The Department of Health spent almost £3m on consultant advice for its plan to sell off NHS Professionals, which was dropped earlier this month.
Health minister Philip Dunne revealed the cost of “external advisers” to the DH up to 7 September – when ministers decided to keep the NHS’s in-house staffing agency in public ownership.
Responding to a question from Labour MP Justin Madders, Mr Dunne said: “The department spent approximately £2.8m on external advisers’ costs during the sale process for NHS Professionals until the decision was announced on 7 September that NHS Professionals will remain wholly in public ownership.
“The government concluded that none of the offers received for NHS Professionals reflected the company’s growing potential and improved performance.”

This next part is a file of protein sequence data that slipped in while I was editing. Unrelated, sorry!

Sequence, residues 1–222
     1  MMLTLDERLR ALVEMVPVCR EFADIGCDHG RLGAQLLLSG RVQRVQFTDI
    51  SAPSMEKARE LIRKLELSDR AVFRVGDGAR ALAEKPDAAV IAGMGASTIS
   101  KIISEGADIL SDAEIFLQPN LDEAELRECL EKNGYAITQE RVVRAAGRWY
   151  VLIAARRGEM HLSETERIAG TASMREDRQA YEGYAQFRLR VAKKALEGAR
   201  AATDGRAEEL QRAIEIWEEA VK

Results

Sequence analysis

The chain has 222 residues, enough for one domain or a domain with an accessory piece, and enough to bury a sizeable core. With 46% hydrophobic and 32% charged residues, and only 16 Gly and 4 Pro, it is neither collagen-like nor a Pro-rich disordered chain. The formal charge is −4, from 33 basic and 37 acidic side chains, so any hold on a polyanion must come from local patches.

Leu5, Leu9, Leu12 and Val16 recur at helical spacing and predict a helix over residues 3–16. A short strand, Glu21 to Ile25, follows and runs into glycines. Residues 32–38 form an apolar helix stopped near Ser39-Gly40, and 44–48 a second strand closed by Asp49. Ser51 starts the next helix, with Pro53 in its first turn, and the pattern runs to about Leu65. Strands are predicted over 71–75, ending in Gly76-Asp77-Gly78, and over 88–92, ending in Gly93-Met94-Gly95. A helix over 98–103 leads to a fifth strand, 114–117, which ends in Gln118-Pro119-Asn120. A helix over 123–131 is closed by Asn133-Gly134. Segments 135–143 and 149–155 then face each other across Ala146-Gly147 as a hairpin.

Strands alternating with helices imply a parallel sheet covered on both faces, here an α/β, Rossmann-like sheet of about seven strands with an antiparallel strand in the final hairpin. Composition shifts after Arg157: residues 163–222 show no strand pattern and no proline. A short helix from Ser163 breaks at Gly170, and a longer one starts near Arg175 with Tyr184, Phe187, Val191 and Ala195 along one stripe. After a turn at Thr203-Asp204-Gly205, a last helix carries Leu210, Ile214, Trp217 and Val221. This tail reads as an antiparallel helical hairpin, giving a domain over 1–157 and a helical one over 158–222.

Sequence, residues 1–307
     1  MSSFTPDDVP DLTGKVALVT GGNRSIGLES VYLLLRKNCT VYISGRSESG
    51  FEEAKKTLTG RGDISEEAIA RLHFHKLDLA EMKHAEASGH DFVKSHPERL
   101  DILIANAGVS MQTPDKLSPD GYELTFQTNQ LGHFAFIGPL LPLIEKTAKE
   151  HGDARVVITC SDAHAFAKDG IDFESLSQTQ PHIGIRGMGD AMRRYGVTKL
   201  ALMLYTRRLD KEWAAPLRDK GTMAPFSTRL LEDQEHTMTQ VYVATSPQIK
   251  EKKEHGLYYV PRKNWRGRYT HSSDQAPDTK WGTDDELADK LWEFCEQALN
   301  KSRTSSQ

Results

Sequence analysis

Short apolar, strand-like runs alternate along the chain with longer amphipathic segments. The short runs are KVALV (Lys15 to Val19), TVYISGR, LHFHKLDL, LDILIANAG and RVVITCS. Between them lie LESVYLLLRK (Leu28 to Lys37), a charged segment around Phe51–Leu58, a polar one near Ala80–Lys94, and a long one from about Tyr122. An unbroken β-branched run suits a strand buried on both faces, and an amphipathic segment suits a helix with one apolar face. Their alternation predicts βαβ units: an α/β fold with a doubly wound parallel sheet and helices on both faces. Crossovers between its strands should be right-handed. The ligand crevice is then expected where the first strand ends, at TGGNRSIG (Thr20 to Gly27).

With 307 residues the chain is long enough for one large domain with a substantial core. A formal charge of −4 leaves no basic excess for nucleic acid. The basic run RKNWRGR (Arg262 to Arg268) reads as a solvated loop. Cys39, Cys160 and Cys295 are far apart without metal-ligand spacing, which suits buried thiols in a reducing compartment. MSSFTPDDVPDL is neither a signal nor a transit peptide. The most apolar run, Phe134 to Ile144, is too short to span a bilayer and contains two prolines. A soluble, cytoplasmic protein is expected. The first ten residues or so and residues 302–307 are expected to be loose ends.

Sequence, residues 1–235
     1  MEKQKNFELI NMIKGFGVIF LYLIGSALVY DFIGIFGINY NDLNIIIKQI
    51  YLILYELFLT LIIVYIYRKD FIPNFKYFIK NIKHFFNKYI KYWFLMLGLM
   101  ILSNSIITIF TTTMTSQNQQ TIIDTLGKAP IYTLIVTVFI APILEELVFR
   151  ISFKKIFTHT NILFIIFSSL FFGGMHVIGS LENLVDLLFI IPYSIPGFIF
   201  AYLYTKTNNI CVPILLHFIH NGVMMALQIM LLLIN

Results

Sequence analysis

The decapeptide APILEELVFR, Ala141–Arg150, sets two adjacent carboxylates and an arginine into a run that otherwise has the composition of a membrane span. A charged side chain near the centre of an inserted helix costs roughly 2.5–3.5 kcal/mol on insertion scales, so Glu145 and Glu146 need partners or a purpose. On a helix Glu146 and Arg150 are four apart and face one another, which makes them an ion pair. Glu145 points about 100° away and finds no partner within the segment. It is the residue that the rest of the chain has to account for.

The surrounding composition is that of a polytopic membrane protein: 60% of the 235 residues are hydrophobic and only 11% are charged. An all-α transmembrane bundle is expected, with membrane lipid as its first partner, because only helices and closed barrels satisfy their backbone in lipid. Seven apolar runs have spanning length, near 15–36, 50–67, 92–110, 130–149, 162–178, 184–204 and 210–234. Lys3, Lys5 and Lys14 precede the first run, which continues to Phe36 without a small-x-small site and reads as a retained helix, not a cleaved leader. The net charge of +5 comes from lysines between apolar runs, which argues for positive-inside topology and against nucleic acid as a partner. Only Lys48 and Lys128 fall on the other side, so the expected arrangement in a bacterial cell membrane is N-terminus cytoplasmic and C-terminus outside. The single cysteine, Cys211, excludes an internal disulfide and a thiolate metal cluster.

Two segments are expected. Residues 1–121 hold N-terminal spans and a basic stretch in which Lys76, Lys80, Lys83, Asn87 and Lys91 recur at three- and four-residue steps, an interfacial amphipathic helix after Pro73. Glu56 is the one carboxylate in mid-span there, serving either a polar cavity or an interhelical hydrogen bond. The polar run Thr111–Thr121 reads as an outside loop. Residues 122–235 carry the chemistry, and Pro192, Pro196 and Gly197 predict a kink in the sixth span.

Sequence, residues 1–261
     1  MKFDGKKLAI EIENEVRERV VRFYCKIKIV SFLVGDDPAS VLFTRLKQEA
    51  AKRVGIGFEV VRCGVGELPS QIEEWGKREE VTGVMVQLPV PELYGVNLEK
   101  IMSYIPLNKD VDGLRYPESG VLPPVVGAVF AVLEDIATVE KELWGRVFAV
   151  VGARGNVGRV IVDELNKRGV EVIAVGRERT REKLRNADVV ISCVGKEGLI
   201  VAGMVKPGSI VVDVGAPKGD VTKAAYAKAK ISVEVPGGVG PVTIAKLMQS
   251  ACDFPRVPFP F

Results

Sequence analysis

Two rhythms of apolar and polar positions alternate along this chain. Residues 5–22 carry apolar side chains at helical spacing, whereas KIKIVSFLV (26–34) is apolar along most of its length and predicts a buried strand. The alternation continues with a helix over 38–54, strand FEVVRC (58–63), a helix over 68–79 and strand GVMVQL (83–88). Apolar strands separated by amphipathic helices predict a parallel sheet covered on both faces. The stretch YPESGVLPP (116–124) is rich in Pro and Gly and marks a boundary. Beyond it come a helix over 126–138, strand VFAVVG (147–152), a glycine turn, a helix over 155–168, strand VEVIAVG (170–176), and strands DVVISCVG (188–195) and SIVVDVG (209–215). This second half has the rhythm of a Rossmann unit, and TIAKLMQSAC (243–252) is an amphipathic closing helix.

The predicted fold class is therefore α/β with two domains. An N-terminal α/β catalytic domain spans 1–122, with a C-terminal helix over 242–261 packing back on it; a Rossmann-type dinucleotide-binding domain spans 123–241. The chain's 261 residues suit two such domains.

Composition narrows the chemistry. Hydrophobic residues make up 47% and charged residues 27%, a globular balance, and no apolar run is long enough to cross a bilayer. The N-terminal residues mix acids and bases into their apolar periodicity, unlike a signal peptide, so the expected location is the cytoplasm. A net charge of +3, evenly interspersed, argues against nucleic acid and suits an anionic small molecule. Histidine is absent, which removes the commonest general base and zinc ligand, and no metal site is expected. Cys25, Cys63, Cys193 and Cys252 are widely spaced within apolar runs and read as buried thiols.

He added: “These costs will be recovered by taking a dividend payment from NHS Professionals, so this will not impact on delivering frontline NHS services. It is normal practice for limited companies such as NHS Professionals to make dividend payments from their distributable profits to their shareholder, in this case the department.
“Sufficient cash will be retained in the company though, to ensure its operations and any necessary investment can be properly funded.”
NHS Professionals has more than 100,000 clinical and non-clinical staff on its books.
The abandoned sale of the DH’s majority stake followed the government’s insistence that any buyer would need to continue providing staff at low margins to the NHS or the DH would exercise a contractual clause to take back control of the organisation.